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Edinburgh's degree show reviewed by Graeme Feedan of 3DReid

Càdiz Field + Work, Master of Architecture Degree Exhibition at the University of Edinburgh, Matthew Architecture Gallery, 20 Chambers Street, Edinburgh EH1 1JZ, 2 June – Friday 27 June 2008, Mon-Fri 10am-4pm www.architecture.ed.ac.uk

If it’s a casual ‘drop by and check out some nice designs’ that you are looking for then The University of Edinburgh’s Degree Exhibition is not for you. When you enter the McEwan Gallery on Chambers Street, there will be no attention grabbing visuals designed to woo. The Master of Architecture Degree work demands mental effort, but it also deserves and most definitely rewards it.

The second year programme, simply themed ‘Field+Work’ offers a single premise for architecture and that is ‘place’. The richness and variety of the work on display reflects the physical, political and social complexities of the chosen city, Càdiz, Spain. The recording and interpretation of this territory is thorough and engaging, culminating in a wonderfully abstract city model, which forms the centrepiece of the first floor exhibition. Further vindication of this approach is found in the poetic discourse that individual students have selected to pursue: ‘Hydroscape: the hydropolitical strand’ by Rebecca Fotheringham, ‘Landscapes of production’ by Emma Bush and ‘Host/guest’, an investigation into immigration patterns by Jia Wang. Despite the introspective feel of the exhibition, there are nevertheless some stunning individual pieces, including Jei Lins’ tiny model investigating the hidden spaces of Càdiz’s ludicrously dense old town.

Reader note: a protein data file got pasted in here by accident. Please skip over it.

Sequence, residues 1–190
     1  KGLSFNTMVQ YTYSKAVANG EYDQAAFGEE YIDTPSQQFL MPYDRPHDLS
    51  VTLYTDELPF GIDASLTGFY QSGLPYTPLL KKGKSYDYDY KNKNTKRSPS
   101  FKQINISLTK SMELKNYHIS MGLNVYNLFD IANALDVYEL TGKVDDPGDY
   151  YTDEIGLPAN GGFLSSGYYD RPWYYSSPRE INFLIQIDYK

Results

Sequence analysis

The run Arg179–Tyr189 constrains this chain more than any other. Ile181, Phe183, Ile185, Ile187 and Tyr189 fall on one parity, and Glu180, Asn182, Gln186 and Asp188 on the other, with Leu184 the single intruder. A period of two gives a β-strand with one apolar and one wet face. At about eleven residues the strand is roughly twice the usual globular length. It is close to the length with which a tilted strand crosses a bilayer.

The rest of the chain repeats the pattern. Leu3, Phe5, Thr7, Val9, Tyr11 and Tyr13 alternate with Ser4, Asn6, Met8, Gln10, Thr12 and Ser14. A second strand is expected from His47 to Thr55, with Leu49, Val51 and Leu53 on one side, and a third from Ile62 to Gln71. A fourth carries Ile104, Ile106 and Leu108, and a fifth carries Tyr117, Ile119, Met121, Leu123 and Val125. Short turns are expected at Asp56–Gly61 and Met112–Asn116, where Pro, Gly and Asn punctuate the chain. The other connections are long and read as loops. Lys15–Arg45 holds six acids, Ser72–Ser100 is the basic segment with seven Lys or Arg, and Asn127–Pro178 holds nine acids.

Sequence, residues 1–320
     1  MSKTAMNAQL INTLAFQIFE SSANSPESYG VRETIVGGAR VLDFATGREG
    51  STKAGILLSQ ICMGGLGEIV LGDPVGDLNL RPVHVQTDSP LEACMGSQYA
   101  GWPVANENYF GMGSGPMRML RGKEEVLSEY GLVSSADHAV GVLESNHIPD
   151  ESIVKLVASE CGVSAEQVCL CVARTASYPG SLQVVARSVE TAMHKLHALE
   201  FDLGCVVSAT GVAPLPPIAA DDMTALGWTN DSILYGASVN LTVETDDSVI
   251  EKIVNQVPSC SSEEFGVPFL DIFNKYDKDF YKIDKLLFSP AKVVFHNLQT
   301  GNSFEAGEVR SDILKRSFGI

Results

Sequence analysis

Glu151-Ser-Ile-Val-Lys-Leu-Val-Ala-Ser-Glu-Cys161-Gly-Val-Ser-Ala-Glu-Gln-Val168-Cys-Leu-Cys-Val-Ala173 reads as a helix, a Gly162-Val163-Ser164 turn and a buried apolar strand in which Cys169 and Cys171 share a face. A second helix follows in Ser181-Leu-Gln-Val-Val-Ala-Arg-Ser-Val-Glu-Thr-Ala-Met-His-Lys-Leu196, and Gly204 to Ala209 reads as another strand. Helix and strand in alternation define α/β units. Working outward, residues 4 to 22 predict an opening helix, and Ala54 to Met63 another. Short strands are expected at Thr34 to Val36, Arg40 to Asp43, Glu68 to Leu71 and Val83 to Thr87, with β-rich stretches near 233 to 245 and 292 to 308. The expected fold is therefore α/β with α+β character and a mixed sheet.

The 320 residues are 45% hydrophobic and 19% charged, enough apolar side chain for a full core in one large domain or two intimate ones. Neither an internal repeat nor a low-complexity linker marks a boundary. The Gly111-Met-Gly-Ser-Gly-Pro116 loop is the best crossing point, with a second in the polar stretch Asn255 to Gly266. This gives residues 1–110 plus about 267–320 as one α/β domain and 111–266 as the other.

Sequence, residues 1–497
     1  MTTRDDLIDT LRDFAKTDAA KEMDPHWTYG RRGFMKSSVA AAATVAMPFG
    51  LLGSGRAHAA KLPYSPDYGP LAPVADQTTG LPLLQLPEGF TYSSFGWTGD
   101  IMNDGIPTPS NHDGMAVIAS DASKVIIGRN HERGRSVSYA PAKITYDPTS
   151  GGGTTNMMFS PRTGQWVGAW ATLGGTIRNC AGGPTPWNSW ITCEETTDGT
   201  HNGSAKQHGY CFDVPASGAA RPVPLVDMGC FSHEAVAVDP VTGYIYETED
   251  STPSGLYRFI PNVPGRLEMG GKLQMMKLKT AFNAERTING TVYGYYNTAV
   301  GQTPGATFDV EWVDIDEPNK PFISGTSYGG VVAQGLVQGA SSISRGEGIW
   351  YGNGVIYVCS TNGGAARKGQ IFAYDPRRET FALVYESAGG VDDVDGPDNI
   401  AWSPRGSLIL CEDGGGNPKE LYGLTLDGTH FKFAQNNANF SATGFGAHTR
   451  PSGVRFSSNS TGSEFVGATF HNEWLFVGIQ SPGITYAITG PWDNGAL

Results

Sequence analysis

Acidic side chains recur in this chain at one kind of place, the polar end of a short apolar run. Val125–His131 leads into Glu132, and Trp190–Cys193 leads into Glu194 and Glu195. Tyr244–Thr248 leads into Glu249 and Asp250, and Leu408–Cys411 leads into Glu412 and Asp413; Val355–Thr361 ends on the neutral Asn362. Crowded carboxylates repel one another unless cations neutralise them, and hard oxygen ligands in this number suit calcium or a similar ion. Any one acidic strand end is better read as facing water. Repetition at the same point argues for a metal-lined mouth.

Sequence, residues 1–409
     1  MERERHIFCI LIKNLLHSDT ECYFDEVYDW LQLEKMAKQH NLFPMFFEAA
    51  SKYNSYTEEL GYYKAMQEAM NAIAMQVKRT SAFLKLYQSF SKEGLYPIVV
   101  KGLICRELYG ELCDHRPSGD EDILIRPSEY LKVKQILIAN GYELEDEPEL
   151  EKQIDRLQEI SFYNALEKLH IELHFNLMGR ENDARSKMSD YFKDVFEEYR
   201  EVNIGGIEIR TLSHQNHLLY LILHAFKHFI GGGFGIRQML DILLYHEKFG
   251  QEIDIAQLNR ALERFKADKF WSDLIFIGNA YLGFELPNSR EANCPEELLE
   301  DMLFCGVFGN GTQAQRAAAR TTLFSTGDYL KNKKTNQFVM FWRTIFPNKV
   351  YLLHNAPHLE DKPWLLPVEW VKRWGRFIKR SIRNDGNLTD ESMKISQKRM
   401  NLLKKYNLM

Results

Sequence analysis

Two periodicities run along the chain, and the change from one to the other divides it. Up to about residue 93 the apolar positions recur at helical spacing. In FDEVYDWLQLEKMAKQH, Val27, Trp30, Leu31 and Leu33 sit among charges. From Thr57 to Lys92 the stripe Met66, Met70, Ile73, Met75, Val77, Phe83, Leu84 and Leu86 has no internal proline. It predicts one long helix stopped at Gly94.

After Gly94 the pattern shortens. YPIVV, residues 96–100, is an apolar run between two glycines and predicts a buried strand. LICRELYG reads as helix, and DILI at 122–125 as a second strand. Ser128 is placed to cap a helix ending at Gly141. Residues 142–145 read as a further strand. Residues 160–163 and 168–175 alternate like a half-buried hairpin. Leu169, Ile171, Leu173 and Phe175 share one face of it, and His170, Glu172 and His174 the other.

The instances where fieldwork, research and design manifest themselves in a personalised architecture are the most meaningful, which occurs with somewhat surprising frequency in light of the free ranging brief. Among a number of utterly convincing (if not technically advanced) offerings are Adam Collier’s designs for ‘reprogramming the ruptured city’ and Ross Perkins’ cinematic installations into the archaeologically excavated gaps of the old town.

Overall the show reveals a reassuring commitment to twin traditions of context and craft, highlighted by one observation: 23 students, 2 years and not a single CGI.

Graeme Feechan is a Divisional Design Director in 3DReid’s Edinburgh office.

Resume: Auto-Càdiz drawings, but no CGIs at Edinburgh

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